Better Markets filed a Comment Letter to the Commodity Futures Trading Commission (CFTC) on a Proposed Rule on Foreign Sovereign Debt.
Why it Matters. The Commodity Futures Trading Commission’s financial responsibility framework, aimed at protecting customer funds in CFTC-regulated derivative transactions, emphasizes the crucial practice of segregating customer funds from the assets of Futures Commission Merchants (FCMs) and Derivatives Clearing Organizations (DCOs). This segregation, mandated by the Commodity Exchange Act and Commission regulations, ensures that customer funds are held in designated accounts separate from those of FCMs or DCOs, thereby maintaining trust and integrity in financial transactions. This separation not only ensures the proper use of customer funds for their intended trading activities but also acts as a safeguard for the prompt return of funds in cases of FCM or DCO insolvency, as highlighted by the failures of MF Global and Peregrine Financial Group. This highlights the framework’s commitment to safeguarding client investments and mitigating systemic risks in the derivatives market.
What we said. Better Markets argues that the CFTC should not adopt the portion of the Proposed Rule relating to foreign sovereign debt as permissible investments because the agency lacks a substantial, public interest-driven reason to alter the cautious and prudent regulation established post-MF Global’s collapse. It is important to remember that MF Global’s disastrous bets on European sovereign debt were a key factor in its downfall. Given this history, allowing investments in sovereign debt, even from countries known for their stable economies, presents a move that warrants caution, as it might compromise the protection of customer funds in favor of expanding the financial industry’s quest for increased profits.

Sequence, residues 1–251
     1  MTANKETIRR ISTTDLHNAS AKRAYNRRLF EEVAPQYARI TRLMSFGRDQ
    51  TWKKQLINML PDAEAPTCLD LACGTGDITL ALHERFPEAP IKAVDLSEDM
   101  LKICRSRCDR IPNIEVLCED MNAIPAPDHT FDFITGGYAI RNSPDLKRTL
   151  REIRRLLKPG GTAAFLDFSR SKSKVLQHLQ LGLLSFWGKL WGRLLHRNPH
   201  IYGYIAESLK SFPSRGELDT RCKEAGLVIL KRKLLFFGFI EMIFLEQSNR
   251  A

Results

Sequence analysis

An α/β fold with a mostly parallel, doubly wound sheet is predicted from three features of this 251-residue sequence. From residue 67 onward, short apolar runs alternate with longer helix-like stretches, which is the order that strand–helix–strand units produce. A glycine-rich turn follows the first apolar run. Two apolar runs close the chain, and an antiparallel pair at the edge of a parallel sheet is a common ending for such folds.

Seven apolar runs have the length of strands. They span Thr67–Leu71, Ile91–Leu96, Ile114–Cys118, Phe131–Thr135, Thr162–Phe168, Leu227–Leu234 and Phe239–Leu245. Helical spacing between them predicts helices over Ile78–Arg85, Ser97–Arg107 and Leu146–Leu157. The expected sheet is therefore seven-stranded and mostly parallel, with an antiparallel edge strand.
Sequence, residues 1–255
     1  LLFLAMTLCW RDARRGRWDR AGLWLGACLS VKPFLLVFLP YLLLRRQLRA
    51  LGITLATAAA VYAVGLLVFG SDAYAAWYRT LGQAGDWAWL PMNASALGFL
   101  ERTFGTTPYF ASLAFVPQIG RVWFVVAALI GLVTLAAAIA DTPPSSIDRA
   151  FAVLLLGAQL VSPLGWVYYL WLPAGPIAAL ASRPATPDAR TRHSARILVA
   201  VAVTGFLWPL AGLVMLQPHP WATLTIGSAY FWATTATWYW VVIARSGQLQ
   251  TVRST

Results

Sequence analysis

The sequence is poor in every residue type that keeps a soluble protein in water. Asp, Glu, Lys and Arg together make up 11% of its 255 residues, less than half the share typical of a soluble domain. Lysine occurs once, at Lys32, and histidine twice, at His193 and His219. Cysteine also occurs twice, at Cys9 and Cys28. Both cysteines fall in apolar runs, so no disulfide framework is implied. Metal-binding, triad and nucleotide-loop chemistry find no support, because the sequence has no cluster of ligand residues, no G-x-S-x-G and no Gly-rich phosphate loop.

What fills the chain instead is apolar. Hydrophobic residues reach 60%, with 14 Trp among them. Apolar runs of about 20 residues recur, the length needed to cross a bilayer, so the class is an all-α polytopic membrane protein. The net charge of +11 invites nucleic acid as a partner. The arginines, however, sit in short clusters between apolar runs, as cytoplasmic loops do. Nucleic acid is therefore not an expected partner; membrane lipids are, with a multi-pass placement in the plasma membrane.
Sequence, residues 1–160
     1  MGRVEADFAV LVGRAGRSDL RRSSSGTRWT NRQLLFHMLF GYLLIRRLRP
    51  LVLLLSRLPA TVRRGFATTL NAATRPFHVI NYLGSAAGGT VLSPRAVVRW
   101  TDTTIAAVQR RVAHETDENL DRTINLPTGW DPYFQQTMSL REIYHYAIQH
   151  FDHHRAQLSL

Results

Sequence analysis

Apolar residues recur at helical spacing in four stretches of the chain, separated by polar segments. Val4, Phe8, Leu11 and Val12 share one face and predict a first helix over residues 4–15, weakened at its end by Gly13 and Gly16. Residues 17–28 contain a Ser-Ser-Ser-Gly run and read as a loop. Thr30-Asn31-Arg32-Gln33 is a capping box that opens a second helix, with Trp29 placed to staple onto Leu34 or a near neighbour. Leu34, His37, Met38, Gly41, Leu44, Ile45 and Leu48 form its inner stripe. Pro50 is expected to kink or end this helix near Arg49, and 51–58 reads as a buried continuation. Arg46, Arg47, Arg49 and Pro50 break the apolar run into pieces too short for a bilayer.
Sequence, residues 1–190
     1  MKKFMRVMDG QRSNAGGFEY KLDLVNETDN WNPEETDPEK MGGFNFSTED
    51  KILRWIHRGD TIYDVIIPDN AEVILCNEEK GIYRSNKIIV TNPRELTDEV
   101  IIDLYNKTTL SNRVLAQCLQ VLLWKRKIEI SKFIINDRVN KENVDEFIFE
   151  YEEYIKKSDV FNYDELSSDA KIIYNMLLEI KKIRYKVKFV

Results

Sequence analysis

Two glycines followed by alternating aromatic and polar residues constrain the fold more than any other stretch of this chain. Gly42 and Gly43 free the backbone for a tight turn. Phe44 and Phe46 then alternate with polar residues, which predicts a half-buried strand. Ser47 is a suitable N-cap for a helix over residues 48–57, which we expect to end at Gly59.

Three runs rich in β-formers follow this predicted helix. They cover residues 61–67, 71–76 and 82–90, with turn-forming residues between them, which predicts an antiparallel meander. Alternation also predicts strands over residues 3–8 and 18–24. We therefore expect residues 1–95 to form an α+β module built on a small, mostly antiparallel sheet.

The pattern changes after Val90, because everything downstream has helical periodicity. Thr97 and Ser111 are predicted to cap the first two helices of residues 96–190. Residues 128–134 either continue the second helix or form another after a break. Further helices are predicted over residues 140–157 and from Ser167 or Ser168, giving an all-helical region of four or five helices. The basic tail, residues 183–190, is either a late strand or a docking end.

Bottom Line. Instead of adopting the Proposed Rule relating to foreign sovereign debt, Better Markets supports the continuation of evaluating exemptive requests on an individual basis. This approach, effective over the past 12 years, enables nuanced assessments of each case, taking into account specific circumstances, public interest, and current market liquidity. It reduces systemic risks while allowing for adaptability in response to market shifts. This method offers a more targeted and flexible approach compared to a fixed rule. In rapidly evolving markets, adjusting exemptive orders is often quicker and more efficient than revising regulations.